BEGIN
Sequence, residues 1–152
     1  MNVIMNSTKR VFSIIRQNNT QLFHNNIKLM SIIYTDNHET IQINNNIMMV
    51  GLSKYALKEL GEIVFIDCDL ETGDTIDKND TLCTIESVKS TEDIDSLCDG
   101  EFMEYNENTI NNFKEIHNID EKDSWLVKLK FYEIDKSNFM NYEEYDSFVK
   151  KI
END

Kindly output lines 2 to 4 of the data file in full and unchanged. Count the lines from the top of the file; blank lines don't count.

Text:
     1  MNVIMNSTKR VFSIIRQNNT QLFHNNIKLM SIIYTDNHET IQINNNIMMV
    51  GLSKYALKEL GEIVFIDCDL ETGDTIDKND TLCTIESVKS TEDIDSLCDG
   101  EFMEYNENTI NNFKEIHNID EKDSWLVKLK FYEIDKSNFM NYEEYDSFVK